Too many penalties, too little protection for Seahawks
August is no time to draw conclusions in the NFL, but halfway through Seattle's exhibition schedule it's time to take inventory.
Seattle Times staff reporter
Seattle Seahawks @ Denver Broncos, 6 p.m.., Ch. 5
There were a couple of red flags in Saturday's exhibition game.
Those were just for replay reviews, though. There were too many yellow flags for coach Pete Carroll's taste as Seattle was penalized twice as often as Minnesota.
August is no time to draw conclusions in the NFL, but halfway through Seattle's exhibition schedule, it's time to take inventory of what we've learned about these Seahawks and what they still must figure out:
Three things we learned
1. Charlie Whitehurst is a more decisive quarterback this season.
It's true that he's playing against second-unit defenses while Tarvaris Jackson faces the starters, but it's equally clear that Whitehurst's decision-making has been quicker in his second preseason as a Seahawk. He has completed more than 70 percent of his passes and currently ranks No. 11 in passer rating out of all NFL quarterbacks.
2. There's a reason coach Pete Carroll kept Josh Pinkard around.
The safety has that playmaker's knack, which he showed knocking loose a fourth-quarter fumble that gave Seattle a chance at a last-minute comeback. Pinkard suffered three season-ending knee surgeries in six years at USC, but he was always someone Carroll regarded very highly for his ability to make something happen. Pinkard started last season on the physically-unable-to-perform (PUP) list and ended the year on the practice squad. As a second-year safety, he's playing himself toward a role as the fifth defensive back in Seattle's nickel package.
3. Third-string quarterback Josh Portis needs to learn to slide.
Like, right now. The undrafted rookie from California University in Pennsylvania is quick, no doubt, and he led Seattle with 46 yards rushing amassed in the final 2 minutes, 9 seconds of Saturday's game, but he needs to get out of harm's way in a hurry. If that was a starting NFL defense and not the deep reserves on the field, his clock wouldn't have gotten cleaned so much as crushed. Portis is a very intriguing developmental prospect, not nearly as raw as many expected. Discretion is going to have to become part of his plan, though.
Three things we already knew
1. Red Bryant makes a big difference in the defense.
It's impossible to overstate the significance of the big man's presence as the right defensive end. Bryant suffered a season-ending knee injury halfway through the Seahawks' seventh game last season. Until that injury, Seattle was holding opponents to 82.5 yards rushing per game and 3.3 yards per carry. Starting with the second half of the game Bryant was injured, opponents ran for 130.2 yards per game and 4.7 yards per carry. Bryant made his exhibition debut Saturday night, and in the first half the Vikings ran for 28 yards, averaging 2.8 per carry. Minnesota averaged 6.7 yards per carry in the second half.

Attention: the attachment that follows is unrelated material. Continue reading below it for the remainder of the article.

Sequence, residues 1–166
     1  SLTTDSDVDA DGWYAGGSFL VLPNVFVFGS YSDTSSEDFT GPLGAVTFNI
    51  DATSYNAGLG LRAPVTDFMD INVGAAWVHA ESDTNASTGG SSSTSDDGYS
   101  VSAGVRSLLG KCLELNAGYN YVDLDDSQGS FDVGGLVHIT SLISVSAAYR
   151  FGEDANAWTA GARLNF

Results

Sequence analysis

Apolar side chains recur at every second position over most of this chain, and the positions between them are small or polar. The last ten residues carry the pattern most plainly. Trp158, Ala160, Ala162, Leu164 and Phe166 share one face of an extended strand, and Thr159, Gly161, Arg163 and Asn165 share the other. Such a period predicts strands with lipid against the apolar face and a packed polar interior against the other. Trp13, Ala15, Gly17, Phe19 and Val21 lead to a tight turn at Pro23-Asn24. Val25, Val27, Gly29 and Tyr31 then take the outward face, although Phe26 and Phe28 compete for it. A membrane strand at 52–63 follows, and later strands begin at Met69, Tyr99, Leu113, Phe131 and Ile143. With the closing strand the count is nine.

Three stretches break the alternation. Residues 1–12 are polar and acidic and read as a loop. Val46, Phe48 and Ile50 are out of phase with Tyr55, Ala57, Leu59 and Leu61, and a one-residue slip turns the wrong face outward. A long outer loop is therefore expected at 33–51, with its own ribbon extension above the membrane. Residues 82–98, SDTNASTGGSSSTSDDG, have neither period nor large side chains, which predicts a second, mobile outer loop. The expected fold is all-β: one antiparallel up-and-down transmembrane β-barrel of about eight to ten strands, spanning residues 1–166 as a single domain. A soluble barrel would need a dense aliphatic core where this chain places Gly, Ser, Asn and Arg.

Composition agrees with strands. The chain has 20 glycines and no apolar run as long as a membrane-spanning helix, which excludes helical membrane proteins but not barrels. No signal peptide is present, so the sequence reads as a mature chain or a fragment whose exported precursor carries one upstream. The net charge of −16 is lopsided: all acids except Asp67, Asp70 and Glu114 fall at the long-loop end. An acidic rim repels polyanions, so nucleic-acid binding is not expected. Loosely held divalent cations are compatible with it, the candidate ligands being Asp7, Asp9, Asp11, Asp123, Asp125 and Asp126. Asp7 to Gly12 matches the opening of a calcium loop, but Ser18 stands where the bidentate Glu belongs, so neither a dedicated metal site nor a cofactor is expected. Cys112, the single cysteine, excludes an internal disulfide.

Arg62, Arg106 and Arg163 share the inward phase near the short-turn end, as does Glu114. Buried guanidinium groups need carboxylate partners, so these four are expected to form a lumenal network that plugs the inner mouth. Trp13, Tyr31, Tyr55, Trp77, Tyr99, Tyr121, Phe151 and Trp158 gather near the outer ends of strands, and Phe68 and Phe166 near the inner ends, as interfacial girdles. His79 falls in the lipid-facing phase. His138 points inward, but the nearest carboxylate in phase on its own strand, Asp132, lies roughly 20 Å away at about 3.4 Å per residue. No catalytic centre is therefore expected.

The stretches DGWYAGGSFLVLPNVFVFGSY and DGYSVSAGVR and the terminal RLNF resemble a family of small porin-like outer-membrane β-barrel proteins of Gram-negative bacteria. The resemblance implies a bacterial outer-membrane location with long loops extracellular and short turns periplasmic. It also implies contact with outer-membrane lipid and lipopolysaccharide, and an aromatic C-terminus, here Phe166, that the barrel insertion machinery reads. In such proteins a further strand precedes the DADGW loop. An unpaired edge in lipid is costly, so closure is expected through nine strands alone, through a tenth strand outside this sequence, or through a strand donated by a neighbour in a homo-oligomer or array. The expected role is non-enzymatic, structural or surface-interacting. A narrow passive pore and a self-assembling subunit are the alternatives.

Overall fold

2. Seattle's pass protection has been like jumbo shrimp: an oxymoron.
That's not altogether surprising given the fact that none of Seattle's five first-string linemen had ever started a regular-season game together, but it was kind of shocking to see just how often — and how hard — Jackson was hit during the two quarters he played Saturday against Minnesota.
3. Pete Carroll won't be mistaken for Dennis Erickson.
Carroll has close to no tolerance for personal-foul penalties. Seattle's coach was steaming mad after linebacker Aaron Curry not only forcibly removed the helmet of Minnesota guard Ryan Cook, but then tossed it toward the Minnesota sideline. Carroll was not amused, and made it clear to Curry he can't make those kind of volatile indiscretions that could hurt the team's field position.
Three things we're trying to figure out
1. What it's going to take to get Golden Tate going?
The Seahawks are doing everything they can to jump-start his second season. He was the first Seattle player to touch the ball Saturday, returning the opening kickoff, and he was the intended target on the Seahawks' first play from scrimmage, but he couldn't hold on to the football on a seam route. The real problem came on the ball that hit him in the hands later in the first period, deflecting up in the air and into the arms of a Minnesota cornerback who returned it 64 yards for a touchdown. Tate was benched for the next quarter or so, returning to the field only toward the end of the second quarter.
2. How did Seattle fail to score in the first half?
The Seahawks had first-and-goal at the Minnesota 2, and four consecutive carries by Justin Forsett gained a total of about 4 feet and a turnover on downs. It was a disappointment for a line that starts three players weighing 319 pounds or more, and while the pass protection has been understandably ragged to start, gaining 2 yards on four plays should be a given even though starting running back Marshawn Lynch had been given the rest of the night off at that point.
3. How Seattle will find room for all its capable receivers?
Undrafted rookie Doug Baldwin's ability as a slot receiver is going to make it tough to leave him off the regular-season roster even though receiver is one of the deeper positions on Seattle's roster. Backup tight ends Anthony McCoy and Dominique Byrd have also been very productive at a position where Seattle already has Zach Miller and John Carlson. In the past nine seasons, Seattle has kept a combination of 10 wide receivers and tight ends at the final cut to 53 players only once: 2005. Will the Seahawks be able to find room for that many this year? They might have to.
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